Flabbergast Theatre A Midsummer Night’s Dream at Malvern Theatres: Review

Flabbergast Theatre do Theatre differently. When they visited Malvern Theatres with their adaptation of A Midsummer Night’s Dream, I knew this was a great opportunity to introduce my girls to Shakespeare in an accessible format. Here’s what we thought of this fast-paced show full of goblins, sprites, faeries, comedy, dance and folk songs.

About Flabbergast Theatre’s A Midsummer Night’s Dream

At risk of sounding like a GCSE student forced to watch a play, there’s a good chance you’ve probably seen a fairly dry adaptation of at least one of Shakespeare’s plays at some point. Thankfully, Flabbergast Theatre have absolutely smashed that cliché to pieces. This production brings physicality, drama and music to completely engage the audience from start to finish. It is without doubt the most enjoyable version of one of the Bard’s masterpieces that I’ve seen.

If A Midsummer Night’s Dream was a television series, it would be described as a dark Romcom. Its four sub-plots revolve around:

  • The court of Theseus
  • Four star-crossed lovers Helena, Hermia, Demetrius and Lysander
  • Puck and the faeries
  • The mechanicals, a group of labourers who are putting on a play for Theseus

The plots are as intertwined as the young lovers with farcical elements weaving them together. Dopey mechanical Bottom who has been given the head of a donkey by Puck ends up in an unlikely relationship with Titania, Queen of the Faeries. Puck’s meddling also causes chaos in the already fraught love-rectangle between Hermia and her pals. Theseus does his best to have a say in everything with very little success.

As you have probably already guessed, we were utterly blown away by Flabbergast Theatre’s adaptation of A Midsummer Night’s Dream. From the moment you walk into the theatre, the cast are on stage, interacting with the audience before the production even starts. I must admit, this worried me a little bit. Was I going to be subjected to a pantomime version of a Shakespearean classic? I’m relieved to say, that wasn’t the case at all. Interaction with this hard-working cast both at the start of the show and during the interval was simply an added bonus to entertain the audience.

Our Review

This production is a great example of how much you can achieve with a basic set and a small, dedicated cast playing multiple parts. Clever use of costume changes, masks, props and even stilts distinguish the characters so well that my daughter was shocked that so few actors came forward for the bow. She genuinely thought there were at least twice as many people on stage.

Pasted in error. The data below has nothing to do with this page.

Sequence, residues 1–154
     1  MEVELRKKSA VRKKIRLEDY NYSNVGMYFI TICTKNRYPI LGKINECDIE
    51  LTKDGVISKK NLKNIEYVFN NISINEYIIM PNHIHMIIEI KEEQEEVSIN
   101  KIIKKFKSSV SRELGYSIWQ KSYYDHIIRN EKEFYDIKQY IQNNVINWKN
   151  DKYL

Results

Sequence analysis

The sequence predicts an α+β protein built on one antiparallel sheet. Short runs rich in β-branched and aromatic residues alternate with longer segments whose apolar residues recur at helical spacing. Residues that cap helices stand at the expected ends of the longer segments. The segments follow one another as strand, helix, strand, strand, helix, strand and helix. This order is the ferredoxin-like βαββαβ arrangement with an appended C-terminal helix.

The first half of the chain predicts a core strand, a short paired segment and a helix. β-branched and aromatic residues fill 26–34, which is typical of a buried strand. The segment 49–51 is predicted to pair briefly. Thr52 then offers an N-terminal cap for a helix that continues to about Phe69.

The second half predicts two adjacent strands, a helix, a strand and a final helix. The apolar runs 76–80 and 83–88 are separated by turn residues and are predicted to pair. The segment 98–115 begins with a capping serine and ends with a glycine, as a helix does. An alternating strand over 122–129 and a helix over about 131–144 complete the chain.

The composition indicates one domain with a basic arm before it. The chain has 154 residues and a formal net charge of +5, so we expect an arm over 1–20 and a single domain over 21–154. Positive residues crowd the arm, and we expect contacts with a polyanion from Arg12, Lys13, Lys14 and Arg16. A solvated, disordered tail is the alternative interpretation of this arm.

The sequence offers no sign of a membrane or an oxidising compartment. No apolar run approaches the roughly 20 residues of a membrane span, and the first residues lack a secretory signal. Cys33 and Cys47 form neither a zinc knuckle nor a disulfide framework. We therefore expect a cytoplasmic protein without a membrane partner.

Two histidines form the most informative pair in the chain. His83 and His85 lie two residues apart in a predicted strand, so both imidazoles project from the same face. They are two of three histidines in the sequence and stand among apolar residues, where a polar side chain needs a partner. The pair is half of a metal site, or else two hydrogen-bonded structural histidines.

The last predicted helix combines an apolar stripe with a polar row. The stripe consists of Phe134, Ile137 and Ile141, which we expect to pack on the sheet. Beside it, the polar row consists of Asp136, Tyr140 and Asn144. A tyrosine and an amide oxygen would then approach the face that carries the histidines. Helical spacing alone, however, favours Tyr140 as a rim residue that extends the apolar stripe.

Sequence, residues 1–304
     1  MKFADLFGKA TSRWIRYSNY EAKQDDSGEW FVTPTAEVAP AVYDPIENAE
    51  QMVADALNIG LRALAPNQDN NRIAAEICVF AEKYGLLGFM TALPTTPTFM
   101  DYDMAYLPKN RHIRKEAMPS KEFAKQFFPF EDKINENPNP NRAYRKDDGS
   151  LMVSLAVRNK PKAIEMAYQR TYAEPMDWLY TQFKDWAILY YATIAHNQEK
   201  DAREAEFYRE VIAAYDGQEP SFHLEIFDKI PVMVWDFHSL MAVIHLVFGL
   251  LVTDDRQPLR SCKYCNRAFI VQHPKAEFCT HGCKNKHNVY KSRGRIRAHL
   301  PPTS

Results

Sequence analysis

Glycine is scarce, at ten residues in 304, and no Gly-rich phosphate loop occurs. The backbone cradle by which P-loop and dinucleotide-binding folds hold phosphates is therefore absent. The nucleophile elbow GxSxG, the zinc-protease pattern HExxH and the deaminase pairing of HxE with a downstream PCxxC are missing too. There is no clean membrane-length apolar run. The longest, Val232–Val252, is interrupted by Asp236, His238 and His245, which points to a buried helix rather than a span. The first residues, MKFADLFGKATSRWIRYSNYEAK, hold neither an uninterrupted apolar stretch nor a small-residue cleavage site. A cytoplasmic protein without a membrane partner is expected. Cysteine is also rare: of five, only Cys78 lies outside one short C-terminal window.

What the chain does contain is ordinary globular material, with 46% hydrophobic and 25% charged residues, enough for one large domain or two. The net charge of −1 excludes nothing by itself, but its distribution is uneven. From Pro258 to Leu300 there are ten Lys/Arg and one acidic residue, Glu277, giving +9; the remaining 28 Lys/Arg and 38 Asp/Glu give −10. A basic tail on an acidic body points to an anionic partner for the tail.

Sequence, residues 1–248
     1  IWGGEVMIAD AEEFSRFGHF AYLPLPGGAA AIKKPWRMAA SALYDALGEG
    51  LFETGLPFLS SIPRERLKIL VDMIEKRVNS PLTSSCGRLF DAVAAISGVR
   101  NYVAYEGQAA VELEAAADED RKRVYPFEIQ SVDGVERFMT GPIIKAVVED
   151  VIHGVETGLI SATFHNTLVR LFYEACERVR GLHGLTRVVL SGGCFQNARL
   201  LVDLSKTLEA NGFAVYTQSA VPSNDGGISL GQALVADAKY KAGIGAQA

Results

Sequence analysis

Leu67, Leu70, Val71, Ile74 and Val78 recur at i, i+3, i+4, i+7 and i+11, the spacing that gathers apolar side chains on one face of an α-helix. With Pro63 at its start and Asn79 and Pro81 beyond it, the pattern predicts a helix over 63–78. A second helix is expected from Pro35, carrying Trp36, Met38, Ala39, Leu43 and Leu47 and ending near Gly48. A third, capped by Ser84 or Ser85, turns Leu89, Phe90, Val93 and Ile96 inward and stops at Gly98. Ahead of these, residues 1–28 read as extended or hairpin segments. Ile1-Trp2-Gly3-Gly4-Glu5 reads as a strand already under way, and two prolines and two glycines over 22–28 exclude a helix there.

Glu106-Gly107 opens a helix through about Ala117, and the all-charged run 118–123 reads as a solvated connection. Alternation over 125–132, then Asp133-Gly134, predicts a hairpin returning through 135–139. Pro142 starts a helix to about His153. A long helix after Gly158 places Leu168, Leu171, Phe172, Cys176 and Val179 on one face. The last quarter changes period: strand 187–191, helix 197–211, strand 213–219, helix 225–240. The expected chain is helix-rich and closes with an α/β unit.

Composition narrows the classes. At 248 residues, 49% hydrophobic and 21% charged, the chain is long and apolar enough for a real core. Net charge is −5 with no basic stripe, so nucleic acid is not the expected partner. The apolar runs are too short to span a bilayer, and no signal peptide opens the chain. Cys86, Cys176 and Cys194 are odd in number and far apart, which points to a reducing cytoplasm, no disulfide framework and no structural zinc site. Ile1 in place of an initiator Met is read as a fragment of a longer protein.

And on that note, is Flabbergast Theatre a good introduction to Shakespeare for a young audience? Absolutely. Will they completely follow what’s being said on stage? No. Does it matter? Also no. Despite remaining true to the script, this adaptation portrays A Midsummer Night’s Dream in the most lively way possible.

At times, I struggled to understand what Bottom was saying as the mask was just slightly too low on his face so the sound became a muffled. That combined with the flowery language made for difficult listening. My girls (aged 9 and 11) found a lot of the speech tricky to follow, as you would imagine. But because of the animated, energetic style of performance, they still kept up with the story.

I would particularly recommend the production for high-school children studying the play in school. Their level of understanding would be better after analysing the script and this adaptation really does bring it to life with a bang.

Flabbergast Theatre A Midsummer Night’s Dream: FAQs

When is Flabbergast Theatre’s A Midsummer Night’s Dream at Malvern Theatres?

The show is at Malvern from Tuesday 21st to Saturday 25th November. I’m struggling to see where they are next performing the show so if you’re anywhere near Malvern, I recommend catching it there!

Where can I buy tickets?

Tickets are available on the Malvern Theatres website.

What is the running time for Flabbergast Theatre’s A Midsummer Night’s Dream?

Around two and a half hours including an interval.

Is Flabbergast Theatre’s A Midsummer Night’s Dream suitable for children?

Younger children wouldn’t get much from this, but for high-school aged children it is brilliant. My youngest is 9 and she did enjoy it but I would say she’d get more out of it in a few years time. Tickets for this show cost under £9 each for anyone aged under 26 so it won’t break the bank either.

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